- Talk about convergence. We’re used to hearing about how the gut can affect the brain through the gut-brain axis, but how about a study which shows how problems in the immune system, the gut, and the metabolism may be “conspiring” together to produce post-exertional malaise in ME/CFS?
- Using samples stored in the deep freeze from two studies done in 2014/2015 (thanks to Solve M.E. Biobank), one of which examined the effects of exercise on leaky gut, they took a deep dive into the immune system, the gut and the metabolism.
- The results made it clear that exercise was indeed causing ME/CFS patients’ guts to leak – spilling gut bacteria and food contents into the blood. One side of the immune system – the antibodies – leapt into action. Another side – the early inflammatory immune response that’s designed to quickly neutralize the invaders – did not, however.
- Plus, an anti-inflammatory factor called IL-10 that both knocks down the early immune response and interferes with glucose metabolism in the gut was elevated in ME/CFS.
- That set the stage for the last finding involving impaired energy production. We usually think of energy production in terms of exercise, but when the immune cells find an invader, they need to ramp up their energy levels dramatically in order to combat it.
- This study found, though, that while exercise did indeed significantly increase the levels of two key energy factors (citrate, glucose) that power the early immune response in the healthy controls, it did not do so in ME/CFS. Instead, the levels of those factors remained flat. Once again, we see a strange non-response to exercise in this disease.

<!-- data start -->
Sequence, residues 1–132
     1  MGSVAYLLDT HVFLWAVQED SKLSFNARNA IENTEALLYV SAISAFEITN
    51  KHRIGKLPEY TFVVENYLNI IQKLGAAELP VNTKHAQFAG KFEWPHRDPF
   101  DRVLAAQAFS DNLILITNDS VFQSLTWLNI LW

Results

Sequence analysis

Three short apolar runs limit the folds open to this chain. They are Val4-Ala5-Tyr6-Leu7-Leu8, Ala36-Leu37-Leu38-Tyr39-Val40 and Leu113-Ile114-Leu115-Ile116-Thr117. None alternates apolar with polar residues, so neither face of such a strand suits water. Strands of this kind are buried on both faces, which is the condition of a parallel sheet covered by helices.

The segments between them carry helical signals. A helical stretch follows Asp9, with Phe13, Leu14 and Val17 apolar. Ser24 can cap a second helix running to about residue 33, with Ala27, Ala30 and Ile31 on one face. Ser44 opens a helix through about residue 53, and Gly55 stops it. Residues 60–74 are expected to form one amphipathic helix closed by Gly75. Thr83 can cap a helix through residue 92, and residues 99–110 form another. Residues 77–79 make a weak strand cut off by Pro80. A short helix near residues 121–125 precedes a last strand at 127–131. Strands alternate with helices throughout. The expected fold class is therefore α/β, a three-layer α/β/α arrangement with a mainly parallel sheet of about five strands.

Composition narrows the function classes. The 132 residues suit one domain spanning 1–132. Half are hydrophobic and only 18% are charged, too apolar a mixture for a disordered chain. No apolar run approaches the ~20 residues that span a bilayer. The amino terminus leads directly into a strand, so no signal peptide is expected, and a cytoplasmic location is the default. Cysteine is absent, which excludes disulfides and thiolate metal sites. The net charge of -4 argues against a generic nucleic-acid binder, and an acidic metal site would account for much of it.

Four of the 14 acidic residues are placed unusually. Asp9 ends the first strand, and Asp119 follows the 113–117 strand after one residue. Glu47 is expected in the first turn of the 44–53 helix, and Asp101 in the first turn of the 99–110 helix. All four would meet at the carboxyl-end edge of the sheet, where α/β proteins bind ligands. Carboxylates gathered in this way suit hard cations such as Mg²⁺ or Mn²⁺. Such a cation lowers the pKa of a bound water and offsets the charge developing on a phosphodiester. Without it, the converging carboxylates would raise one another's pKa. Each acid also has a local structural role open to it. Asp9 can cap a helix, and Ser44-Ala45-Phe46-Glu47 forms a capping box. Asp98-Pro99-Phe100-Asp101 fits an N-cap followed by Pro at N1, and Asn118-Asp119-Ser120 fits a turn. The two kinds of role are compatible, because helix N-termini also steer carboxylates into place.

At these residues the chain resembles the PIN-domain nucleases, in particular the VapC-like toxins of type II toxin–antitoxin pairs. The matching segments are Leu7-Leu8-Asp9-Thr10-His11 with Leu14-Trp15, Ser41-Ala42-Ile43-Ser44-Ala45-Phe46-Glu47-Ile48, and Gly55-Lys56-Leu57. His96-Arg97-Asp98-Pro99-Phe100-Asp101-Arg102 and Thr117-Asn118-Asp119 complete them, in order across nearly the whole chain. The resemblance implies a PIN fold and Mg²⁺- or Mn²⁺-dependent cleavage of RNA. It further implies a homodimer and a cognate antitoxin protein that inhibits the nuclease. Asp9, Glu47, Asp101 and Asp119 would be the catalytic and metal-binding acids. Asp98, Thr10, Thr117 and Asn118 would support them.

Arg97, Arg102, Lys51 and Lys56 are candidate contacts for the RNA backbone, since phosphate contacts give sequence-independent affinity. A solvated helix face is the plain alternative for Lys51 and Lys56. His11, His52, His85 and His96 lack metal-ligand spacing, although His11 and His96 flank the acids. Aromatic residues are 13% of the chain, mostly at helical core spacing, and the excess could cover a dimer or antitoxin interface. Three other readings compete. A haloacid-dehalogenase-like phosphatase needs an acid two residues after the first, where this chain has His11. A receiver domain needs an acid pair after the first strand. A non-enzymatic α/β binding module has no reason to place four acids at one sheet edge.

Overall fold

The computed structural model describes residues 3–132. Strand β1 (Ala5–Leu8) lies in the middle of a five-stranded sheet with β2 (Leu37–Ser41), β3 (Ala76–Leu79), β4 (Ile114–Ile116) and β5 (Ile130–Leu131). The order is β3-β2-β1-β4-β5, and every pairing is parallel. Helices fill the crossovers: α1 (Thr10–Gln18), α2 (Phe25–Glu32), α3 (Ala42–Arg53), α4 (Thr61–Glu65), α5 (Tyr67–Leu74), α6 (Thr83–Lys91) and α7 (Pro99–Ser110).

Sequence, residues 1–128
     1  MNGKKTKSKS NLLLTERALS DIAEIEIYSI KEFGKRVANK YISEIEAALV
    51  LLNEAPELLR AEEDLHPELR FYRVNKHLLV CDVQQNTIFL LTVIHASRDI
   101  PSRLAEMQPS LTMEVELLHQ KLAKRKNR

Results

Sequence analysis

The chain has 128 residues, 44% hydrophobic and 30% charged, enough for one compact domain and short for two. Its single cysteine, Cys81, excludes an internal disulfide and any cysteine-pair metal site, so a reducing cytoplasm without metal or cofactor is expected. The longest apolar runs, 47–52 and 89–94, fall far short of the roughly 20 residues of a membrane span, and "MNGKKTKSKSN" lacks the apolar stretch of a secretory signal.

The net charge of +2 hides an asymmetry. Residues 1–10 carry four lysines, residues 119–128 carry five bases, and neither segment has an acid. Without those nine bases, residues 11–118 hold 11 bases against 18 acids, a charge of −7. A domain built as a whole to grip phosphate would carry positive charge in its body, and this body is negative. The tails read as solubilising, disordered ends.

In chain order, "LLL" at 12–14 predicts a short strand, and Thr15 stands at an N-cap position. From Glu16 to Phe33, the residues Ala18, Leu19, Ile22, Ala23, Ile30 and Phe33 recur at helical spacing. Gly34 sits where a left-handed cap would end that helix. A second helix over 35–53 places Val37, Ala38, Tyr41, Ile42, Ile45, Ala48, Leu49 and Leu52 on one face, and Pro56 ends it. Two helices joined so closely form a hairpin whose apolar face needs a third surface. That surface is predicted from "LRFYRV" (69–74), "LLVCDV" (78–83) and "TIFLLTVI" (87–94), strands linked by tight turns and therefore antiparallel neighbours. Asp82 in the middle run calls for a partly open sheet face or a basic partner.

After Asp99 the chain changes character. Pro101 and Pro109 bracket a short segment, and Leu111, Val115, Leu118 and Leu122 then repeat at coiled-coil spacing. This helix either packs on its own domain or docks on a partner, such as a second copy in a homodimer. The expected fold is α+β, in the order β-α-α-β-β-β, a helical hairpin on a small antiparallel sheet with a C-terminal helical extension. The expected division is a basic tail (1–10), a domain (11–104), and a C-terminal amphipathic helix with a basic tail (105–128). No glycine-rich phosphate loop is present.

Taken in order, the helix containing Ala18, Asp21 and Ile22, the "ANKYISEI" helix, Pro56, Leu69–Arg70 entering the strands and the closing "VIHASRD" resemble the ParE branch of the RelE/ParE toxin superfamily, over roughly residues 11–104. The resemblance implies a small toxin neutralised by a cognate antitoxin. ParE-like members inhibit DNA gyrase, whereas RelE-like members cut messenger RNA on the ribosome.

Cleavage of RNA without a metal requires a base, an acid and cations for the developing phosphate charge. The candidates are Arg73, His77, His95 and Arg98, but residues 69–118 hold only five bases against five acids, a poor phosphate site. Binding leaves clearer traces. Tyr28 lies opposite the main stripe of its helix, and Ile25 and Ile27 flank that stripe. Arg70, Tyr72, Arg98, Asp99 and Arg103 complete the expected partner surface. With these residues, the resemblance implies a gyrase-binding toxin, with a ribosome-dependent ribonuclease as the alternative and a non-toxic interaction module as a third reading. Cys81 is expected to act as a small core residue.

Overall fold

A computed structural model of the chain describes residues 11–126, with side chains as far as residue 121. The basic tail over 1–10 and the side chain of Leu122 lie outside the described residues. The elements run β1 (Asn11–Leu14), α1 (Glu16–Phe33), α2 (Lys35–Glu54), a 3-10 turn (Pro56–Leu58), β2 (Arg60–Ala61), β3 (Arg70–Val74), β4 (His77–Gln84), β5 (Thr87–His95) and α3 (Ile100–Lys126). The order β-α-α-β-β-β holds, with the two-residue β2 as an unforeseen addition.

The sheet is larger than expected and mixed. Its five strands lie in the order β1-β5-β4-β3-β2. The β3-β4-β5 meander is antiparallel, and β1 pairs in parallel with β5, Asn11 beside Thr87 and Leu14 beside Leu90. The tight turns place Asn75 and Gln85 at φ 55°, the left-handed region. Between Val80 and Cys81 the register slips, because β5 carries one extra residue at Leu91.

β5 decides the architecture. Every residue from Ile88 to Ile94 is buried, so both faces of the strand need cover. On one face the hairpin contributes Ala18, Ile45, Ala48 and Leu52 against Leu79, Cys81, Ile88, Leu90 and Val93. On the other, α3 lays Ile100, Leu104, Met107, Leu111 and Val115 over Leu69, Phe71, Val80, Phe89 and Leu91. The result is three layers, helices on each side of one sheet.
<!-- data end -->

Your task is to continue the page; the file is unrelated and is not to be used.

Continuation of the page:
- That suggested that the early immune response against the bacterial invaders simply didn’t have the energy to get going in ME/CFS. That, in turn, allowed the toxic bacteria to persist in the bloodstream.
- The findings suggested that a metabolic breakdown that hobbled the early immune response allowed high levels of bacteria to persist in the bloodstream of people with ME/CFS after exercise. That produced a condition called “endotoxemia” whose symptoms (fatigue, cognitive changes, headache, nausea, increases in heart rate, and decreases in blood pressure) bear some similarity to ME/CFS.
The pattern was clear. Gut bacteria were invading the bloodstream of ME/CFS patients in large amounts. The antibody portion of the immune system was jumping into the action, but the early innate immune response that initiates a rapid inflammatory response (that was designed to neutralize the bacteria) was not. Given that, it was no wonder that the exercise study found that bacteria were hanging around longer in the ME/CFS patients’ bloodstream than in the healthy controls.
An Endotoxemia Disease?
Asserting that, “These data could be highly relevant to the clinical history and presentation of ME/CFS“, the authors suggested – for the first time that I can remember – that endotoxemia – which occurs when large levels of bacterial toxins are present in the bloodstream – could be producing the symptoms of post-exertional malaise (PEM). The symptoms of endotoxemia – “fatigue, cognitive changes, headache, nausea, increases in heart rate, and decreases in blood pressure” – are indeed, quite similar, to those seen in PEM.